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Spring Orientation

In the world of compost springtime is far and away the time to shine! Or perhaps the time to rise and shine–after an incredibly long winter it feels as if we are waking from a lazy, unproductive torpor.  Still, looking back on the past few months, we have made some strides forward (albeit at a winter pace).

The first thing that comes to mind–our crew has been hard at work screening finished compost around the clock–producing some of the best material we have ever offered. Our front end loader wizard, Mike Lock, has been giving it his all screening day in and day out. That said, we’re well stocked with fully mature Organic Compost, and we are thrilled to see it going out to the Gorge’s gardens, farms, and orchards.

Let’s see, what else? Oh, we sent a couple of  our crew to the Compost Facility Operator Training–a week long intensive course in Puyallup, WA.  A month or so later, we received their final exam results in the mail; one of our lead operators, Gavin, scored a 103% on his exam!  We’re still trying to figure that out. Funny enough, we recently received data on our line up of soil blends for this year–our 50/50 Blend scored a 100% for Emergence and 105% for Vigor of sensitive seedlings.  Our Garden Blend was right up there too!

a hearty scoop of garden blend

The winter (and the spring that started out like winter) gave us a little time to sit around, conjure, scheme, and plan.  A few projects simmered to the top, but one of the main undertakings was the build and paving of soil blending bays and additional retail bays.  So….the rain finally let up a for few days and allowed us to get the job done. We’re excited to put them to use. Last year we we unleashed a line of high-end mixes for potted plants, seed starts, and professional growing purposes; the new bay space will allow us to mix these up way more efficiently.  Similarly, we are continuing to work with nurseries, farmers, and plant growers to mix up and deliver custom soil blends–additional space to do this will help us get the job done more efficiently and to higher quality.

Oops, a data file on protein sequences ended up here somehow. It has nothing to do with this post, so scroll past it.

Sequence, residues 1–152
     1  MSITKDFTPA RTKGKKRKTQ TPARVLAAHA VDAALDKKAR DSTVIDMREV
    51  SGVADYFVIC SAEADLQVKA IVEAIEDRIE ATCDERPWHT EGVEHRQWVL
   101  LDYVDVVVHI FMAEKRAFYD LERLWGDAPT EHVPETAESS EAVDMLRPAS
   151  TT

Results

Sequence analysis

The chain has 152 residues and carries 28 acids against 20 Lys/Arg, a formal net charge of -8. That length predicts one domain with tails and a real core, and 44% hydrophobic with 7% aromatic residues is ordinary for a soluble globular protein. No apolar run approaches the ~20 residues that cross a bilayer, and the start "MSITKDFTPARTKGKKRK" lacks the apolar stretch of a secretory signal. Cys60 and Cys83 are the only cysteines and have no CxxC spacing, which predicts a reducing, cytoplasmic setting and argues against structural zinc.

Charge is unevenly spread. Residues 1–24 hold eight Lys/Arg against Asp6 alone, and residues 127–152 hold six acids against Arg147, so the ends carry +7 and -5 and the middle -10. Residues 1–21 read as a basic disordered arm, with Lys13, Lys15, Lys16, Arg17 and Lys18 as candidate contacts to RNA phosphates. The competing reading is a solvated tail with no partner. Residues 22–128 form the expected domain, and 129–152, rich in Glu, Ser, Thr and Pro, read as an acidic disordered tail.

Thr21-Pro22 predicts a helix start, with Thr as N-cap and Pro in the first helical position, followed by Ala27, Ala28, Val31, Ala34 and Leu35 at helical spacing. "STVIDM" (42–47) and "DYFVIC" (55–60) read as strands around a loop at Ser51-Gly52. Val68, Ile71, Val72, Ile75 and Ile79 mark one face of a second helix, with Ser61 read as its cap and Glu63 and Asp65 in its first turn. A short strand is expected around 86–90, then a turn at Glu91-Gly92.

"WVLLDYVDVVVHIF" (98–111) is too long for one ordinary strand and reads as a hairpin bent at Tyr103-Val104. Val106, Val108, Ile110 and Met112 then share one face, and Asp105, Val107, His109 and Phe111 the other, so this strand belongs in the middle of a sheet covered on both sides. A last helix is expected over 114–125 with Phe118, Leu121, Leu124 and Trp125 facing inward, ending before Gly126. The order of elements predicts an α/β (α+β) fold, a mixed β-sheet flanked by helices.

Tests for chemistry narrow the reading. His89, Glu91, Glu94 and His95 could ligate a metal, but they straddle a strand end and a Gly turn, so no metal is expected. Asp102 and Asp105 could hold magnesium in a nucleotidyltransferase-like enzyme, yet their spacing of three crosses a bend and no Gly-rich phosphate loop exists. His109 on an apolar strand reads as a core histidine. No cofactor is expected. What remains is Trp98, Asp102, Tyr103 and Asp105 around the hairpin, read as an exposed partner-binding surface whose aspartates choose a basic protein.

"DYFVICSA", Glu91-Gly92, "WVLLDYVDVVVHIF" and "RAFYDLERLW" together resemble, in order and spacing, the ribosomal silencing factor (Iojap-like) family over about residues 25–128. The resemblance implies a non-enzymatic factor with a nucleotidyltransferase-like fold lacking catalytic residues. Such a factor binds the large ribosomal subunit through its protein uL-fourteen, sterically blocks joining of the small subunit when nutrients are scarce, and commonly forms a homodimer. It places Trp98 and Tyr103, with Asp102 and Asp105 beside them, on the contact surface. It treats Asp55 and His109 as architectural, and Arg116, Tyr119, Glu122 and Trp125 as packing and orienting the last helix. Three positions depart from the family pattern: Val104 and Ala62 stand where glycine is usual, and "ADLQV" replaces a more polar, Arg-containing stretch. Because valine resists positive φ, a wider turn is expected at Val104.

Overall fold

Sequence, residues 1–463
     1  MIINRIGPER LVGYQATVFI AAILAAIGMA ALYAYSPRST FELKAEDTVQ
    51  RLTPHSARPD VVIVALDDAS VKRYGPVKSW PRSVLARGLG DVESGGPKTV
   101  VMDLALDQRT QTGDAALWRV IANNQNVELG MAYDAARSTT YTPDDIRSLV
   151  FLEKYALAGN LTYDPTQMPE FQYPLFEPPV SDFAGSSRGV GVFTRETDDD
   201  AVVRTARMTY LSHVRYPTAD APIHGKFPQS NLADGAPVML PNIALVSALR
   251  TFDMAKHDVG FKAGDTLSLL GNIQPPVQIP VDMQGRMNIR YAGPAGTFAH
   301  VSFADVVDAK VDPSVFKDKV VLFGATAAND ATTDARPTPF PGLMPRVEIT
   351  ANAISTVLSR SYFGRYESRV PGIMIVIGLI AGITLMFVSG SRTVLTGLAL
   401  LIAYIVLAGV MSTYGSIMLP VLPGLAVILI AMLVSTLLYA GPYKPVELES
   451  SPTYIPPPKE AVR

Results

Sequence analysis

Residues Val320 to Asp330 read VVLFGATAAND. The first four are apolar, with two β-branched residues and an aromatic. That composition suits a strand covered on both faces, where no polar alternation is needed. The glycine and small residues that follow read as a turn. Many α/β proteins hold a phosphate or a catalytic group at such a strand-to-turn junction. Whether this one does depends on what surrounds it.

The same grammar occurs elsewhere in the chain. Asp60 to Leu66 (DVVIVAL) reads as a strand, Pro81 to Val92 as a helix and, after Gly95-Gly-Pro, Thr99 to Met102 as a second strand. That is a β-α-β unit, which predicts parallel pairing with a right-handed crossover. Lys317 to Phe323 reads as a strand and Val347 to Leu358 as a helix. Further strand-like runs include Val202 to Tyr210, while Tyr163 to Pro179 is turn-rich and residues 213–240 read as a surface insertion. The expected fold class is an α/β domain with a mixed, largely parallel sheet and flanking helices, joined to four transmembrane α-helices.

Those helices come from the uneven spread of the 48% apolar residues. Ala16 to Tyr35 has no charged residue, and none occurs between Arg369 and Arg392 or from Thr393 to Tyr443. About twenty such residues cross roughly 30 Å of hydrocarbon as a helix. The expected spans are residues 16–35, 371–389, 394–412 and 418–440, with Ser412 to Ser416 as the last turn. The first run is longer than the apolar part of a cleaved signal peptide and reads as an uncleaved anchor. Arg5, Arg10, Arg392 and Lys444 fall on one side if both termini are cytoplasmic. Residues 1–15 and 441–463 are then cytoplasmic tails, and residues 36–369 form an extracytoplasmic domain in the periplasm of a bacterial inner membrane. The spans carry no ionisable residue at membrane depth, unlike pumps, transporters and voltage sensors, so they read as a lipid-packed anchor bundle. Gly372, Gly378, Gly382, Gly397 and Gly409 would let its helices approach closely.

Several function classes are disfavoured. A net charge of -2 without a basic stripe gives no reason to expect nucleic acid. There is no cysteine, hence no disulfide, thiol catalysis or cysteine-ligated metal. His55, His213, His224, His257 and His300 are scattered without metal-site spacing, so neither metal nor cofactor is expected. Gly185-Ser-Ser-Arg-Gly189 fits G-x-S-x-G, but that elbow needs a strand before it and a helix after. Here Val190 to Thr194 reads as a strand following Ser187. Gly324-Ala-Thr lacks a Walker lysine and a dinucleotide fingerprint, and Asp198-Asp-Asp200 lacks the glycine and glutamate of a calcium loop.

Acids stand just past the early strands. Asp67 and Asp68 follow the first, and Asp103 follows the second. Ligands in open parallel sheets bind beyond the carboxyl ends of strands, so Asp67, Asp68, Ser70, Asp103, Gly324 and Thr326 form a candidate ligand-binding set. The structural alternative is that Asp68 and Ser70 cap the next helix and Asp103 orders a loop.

compost, potting mix, and sky puncher are available in bulk and 1cf bags

If you would have stopped by the Dirt Hugger in February you would have seen our bays piled nearly to the brim with with compost encrusted snow.  Finally, now that the snow shuffling game is over, and spring shown her shiny little smile our bays are loaded to the brim with our compost, topsoil blends, and landscaping barks.

All in all, we are excited about the change of pace that spring brings.  It is great to see some life around the site with folks swinging by to drop yard debris or pick up compost, trucks making laps hauling material to our retail partners, and our driver, Donnie, loading up for his next delivery.

This is what its all about–returning organic matter and life to the soil.  Ahhh,  Spring.  Finally.

donnie fixin’ up the ol’ hog

bark chips in the foreground, compost behind

valedictorian, gavin schmidt, showing off his compost facility operator training certificate


a little extra mixing space will make a huge difference. waiting for a few dry days for a proper concrete pour was worth the wait.

garrick and tyler work well together.

the dirt hugger concrete crew left to right: kevin, garrick, andrew, and mike. good work!